Building automation systems with IoT-enabled sensors can not only increase energy efficiency, but also improve worker efficiency, leading to more productive businesses. Research finds that comfortable work environments enhance business productivity by improving the health and satisfaction of its workers. Advanced sensors, like those in Amsterdam’s building superstar The Edge, have given building managers better information on how building space is being utilized by monitoring occupant behavior. This is important because the more we know about occupant behavior, the more we are capable of creating environments that will optimize worker performance. Studies on the effect of building systems in schools also found that indoor air quality and thermal comfort have a direct effect on concentration. Classrooms that are thermally comfortable with lower levels of pollutants increase student learning, resulting in higher levels of student performance.

Show Me the Money

The advantage of investing in smart building technology is twofold, as these systems are not only more sustainable and energy efficient, but potentially more lucrative as well. Businesses operating within these smart systems are better positioned to make financial gains, as employees are more productive. Reports like JLL’s 3-30-300 rule suggest that prioritizing tenant satisfaction and well-being creates larger payoffs for building owners and investors—more so than savings on monthly utility bills would alone. The study finds that “a 2% energy efficiency improvement would result in savings of $.06 per square foot, but a 2% improvement in productivity would result in $6 per square foot through increased employee performance.”

Work Smarter, Not Harder

The argument stands that smarter buildings make better workers. Smart buildings are attractive from a business perspective, as these technologies enable employees to be more productive and less distracted by time-consuming administrative tasks, such as booking conference rooms or scheduling in-house meetings. The more comfortable the worker, the better work they will produce. This, in effect, raises the value of the business and contributes to the overall value of the building. In terms of ROI on smart buildings, focusing on occupancy satisfaction takes a bottom-up approach that supports greater integration and interoperability, improving bottom lines across the board.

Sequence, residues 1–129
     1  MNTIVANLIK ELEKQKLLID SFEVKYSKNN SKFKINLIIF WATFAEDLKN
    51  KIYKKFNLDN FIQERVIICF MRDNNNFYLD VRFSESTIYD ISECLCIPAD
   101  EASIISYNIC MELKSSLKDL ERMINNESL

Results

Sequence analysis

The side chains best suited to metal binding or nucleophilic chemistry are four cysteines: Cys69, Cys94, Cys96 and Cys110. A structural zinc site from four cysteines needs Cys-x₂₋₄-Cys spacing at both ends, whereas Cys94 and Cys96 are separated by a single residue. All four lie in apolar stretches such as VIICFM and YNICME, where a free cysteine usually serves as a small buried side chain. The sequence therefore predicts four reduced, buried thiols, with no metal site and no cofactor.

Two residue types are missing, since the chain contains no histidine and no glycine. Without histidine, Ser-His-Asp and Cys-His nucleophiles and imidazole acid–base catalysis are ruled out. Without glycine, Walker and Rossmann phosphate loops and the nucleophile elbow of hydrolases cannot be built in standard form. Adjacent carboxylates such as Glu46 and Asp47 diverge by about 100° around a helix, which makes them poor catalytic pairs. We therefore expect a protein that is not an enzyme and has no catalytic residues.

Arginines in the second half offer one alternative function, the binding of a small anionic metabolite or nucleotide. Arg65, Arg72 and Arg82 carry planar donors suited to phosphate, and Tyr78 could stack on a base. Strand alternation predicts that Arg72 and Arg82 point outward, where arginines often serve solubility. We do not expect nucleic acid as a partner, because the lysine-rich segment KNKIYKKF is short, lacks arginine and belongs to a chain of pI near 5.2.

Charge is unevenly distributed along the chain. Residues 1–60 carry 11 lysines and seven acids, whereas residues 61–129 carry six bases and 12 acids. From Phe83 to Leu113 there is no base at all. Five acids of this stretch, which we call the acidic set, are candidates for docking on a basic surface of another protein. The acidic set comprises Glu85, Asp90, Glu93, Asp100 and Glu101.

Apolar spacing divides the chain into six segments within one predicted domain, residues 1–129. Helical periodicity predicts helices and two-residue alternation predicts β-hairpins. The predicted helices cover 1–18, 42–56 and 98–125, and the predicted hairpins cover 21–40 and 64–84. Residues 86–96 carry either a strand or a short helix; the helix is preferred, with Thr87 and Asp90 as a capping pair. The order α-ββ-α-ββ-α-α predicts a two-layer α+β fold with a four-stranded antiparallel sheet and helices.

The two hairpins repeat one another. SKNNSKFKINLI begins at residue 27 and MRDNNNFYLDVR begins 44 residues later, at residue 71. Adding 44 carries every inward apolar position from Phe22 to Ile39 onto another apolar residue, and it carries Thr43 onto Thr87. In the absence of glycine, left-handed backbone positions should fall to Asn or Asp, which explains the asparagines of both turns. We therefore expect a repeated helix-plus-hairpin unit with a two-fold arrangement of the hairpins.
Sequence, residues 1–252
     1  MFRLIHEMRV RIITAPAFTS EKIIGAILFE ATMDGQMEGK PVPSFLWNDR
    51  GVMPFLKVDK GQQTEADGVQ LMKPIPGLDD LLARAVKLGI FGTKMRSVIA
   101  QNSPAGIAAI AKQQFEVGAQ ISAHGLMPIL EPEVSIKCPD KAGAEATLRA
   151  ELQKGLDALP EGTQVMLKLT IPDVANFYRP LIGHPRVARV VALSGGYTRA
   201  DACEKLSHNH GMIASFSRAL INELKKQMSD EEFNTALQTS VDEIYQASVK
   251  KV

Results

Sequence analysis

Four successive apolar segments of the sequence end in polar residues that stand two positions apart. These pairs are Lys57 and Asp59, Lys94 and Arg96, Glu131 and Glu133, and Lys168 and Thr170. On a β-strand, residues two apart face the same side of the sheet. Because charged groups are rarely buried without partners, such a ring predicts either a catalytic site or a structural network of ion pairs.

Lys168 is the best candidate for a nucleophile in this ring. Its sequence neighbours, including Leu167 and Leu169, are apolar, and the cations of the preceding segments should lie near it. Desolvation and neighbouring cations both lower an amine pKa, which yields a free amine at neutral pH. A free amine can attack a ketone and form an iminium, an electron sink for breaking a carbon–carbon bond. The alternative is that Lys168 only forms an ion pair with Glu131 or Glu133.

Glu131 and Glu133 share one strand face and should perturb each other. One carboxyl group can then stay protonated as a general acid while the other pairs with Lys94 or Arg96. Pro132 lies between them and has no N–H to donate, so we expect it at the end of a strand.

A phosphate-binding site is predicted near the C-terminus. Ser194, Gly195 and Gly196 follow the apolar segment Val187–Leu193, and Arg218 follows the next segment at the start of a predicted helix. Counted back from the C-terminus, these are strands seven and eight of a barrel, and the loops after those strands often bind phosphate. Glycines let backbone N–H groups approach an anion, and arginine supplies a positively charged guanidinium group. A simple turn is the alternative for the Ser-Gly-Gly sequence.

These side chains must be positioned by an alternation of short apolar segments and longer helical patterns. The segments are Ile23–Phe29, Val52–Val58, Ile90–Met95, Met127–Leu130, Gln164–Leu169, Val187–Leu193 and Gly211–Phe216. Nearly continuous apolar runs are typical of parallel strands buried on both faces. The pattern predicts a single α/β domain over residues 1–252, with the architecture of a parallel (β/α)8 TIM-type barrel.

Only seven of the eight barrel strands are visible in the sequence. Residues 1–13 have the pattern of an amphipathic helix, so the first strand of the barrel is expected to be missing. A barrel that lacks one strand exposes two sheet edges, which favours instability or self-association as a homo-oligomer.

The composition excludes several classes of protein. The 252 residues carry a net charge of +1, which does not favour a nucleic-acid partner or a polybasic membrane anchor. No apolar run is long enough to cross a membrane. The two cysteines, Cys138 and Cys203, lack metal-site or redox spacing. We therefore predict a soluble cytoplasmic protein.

Connectivity Is Key

The paradigm surrounding building management systems is shifting as more attention is being paid to occupancy experience. We know that effective operations and maintenance through IoT-enabled devices improve building performance. Why not apply that same logic to worker performance? The significant effect data analytics continue to have on the uptime of building systems could equally improve the livelihoods of the people operating within those structures. Facilitating better working environments optimizes worker efficiency, adding value to businesses and buildings. What is good for the worker bee is good for the hive (and hive investors), as smart technologies continue to add value to both residents and buildings alike.

 

Cities and Businesses Care about Smart Buildings: Part 2

— November 14, 2017

With 238 proposals in hand from cities and regions across North America vying to host its second headquarters, Amazon plans to make a decision next year. Cities trying to lure Amazon should turn this occasion into an opportunity to strengthen their business environments to both complement and drive investment in smart buildings.

Regulatory Certainty and Standardization of Business

In order to attract investment in smart buildings, governments should work toward offering certainty and standardization for investors. Certainty refers to predictable outcomes or guaranteed returns. Governments can establish policies that set expectations for the building sector. Cities that adopt and enforce building energy codes, for example, can quickly increase local demand for energy efficiency technology. Stable demand means a stable market for finance.

In addition, having common standards for assessing risks will be helpful. For example, many stakeholders are already familiar with existing green building standards like Leadership in Energy and Environmental Design (LEED). If governments use policies such as financial incentives to encourage broader adoption of such standards, that will make it easier for investors to assess a project and ultimately increase the likelihood of investment.

Leading by Example